Since then, there’s been a firestorm of protest against Wheaton’s action. Numerous petitions calling for the reinstatement of Dr. Hawkins (including moveon.org and change.org) have been circulating. Christian clergy of various denominations and leaders from other religious traditions have rallied in support.

Which is all well and good.

However, what we have here is a classic example of our need for an intrafaith conversation.  For some Christians, the statement that Muslims and Christians “worship the same God” poses no theological problems. For others, it’s an impossible statement to make. Members of each group consider themselves to be faithful Christians. Although I don’t know any of them, I seriously doubt that the administrators of Wheaton College are bigots. Dr. Hawkins herself has written on her Facebook page, “Friends, Embodied Solidarity is not demonizing others in defense of me” and asks for “prayers and actions that emanate love, grace, peace, and if necessary, forgiveness.”

We are confronted with the question raised by Marjorie Suchoki in Divinity and Diversity: “How do Christians deal with this phenomenon (religious pluralism)? Our Christian past has traditionally taught us that there is only one way to God, and that is through Christ. But we are uneasy. Our neighborliness teaches us that these others are good and decent people, good neighbors, or loved family members! Surely God is with them as well as with us. Our hearts reach out, but our intellectual understanding draws back. We have been given little theological foundation for affirming these others – and consequently we wonder if our feelings of acceptance are perhaps against the will of God, who has uniquely revealed to us just what is required for salvation.”1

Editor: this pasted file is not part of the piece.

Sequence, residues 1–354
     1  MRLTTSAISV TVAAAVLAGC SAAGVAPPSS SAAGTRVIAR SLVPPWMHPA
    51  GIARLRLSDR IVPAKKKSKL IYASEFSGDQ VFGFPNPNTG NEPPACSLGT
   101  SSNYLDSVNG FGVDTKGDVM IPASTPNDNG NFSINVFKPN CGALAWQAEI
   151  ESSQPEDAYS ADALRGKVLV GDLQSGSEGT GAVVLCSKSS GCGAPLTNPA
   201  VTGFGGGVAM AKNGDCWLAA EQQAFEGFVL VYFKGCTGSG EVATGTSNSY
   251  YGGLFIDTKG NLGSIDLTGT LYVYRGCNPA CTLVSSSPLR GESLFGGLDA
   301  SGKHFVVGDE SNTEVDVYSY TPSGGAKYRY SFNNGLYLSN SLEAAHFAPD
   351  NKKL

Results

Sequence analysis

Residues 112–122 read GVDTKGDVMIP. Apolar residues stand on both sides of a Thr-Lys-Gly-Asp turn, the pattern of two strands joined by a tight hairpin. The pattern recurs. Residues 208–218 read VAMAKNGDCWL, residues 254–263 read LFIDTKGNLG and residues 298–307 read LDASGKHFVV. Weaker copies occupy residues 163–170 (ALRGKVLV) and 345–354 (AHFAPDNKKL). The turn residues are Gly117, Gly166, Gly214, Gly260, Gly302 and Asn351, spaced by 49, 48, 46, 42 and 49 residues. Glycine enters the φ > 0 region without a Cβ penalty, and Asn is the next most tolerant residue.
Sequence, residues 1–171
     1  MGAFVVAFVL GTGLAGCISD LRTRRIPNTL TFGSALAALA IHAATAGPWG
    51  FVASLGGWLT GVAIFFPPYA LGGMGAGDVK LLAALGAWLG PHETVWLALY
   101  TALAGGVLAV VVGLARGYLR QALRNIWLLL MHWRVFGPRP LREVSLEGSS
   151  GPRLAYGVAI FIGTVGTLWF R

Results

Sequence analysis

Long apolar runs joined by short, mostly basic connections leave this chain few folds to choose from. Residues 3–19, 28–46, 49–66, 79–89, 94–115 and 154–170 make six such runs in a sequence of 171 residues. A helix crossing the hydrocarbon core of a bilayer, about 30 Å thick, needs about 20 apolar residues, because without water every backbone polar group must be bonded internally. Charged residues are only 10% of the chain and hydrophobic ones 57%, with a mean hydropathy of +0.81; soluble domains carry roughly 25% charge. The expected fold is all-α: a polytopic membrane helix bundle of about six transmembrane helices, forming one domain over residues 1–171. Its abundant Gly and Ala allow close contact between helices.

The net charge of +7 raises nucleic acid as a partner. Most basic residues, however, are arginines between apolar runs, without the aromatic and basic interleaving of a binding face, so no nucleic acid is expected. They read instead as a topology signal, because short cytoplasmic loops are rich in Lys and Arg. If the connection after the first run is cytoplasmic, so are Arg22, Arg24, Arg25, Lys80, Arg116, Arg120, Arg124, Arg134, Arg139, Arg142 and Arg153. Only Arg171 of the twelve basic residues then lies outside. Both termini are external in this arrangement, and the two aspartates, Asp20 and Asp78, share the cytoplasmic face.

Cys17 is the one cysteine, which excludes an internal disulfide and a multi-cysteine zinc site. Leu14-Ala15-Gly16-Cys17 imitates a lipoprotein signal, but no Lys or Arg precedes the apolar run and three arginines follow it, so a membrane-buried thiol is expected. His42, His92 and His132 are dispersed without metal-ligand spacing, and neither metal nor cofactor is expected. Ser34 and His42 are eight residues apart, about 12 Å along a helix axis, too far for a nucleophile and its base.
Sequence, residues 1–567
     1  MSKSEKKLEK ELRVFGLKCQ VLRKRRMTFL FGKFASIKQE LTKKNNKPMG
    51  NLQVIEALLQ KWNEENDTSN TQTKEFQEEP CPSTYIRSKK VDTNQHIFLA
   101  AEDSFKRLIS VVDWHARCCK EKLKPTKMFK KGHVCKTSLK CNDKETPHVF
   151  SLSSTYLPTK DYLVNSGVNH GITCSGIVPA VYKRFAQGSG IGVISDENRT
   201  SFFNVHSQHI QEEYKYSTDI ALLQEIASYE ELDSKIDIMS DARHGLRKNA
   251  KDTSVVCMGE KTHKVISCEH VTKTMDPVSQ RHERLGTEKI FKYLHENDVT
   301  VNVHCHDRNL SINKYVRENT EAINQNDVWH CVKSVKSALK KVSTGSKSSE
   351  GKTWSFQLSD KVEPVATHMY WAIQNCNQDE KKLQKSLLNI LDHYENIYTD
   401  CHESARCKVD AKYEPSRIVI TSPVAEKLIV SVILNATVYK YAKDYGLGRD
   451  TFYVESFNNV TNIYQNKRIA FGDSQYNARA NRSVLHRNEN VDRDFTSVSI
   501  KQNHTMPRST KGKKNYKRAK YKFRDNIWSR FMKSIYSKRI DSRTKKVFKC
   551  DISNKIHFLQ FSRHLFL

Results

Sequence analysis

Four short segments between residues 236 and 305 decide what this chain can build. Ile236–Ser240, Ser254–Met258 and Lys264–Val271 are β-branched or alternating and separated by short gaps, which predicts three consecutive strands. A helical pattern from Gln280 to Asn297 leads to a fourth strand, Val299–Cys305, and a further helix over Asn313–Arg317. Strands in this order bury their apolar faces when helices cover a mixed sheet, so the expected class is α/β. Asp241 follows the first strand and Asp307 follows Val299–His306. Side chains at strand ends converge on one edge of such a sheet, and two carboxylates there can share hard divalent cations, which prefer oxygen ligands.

There are a number of ways to answer the question. Within our congregations, we’ll find exclusivists, inclusivists, and pluralists of various stripes – all faithful Christians. How will we help them to listen to one another, respect one another, and come to some agreements of how we will love and work together? 

As Kristin Johnston Largen of the Lutheran Theological Seminary at Gettysburg has written: “. . .issues of Christology cannot be avoided in an interreligious conversation that professes to take Christian faith claims seriously.”2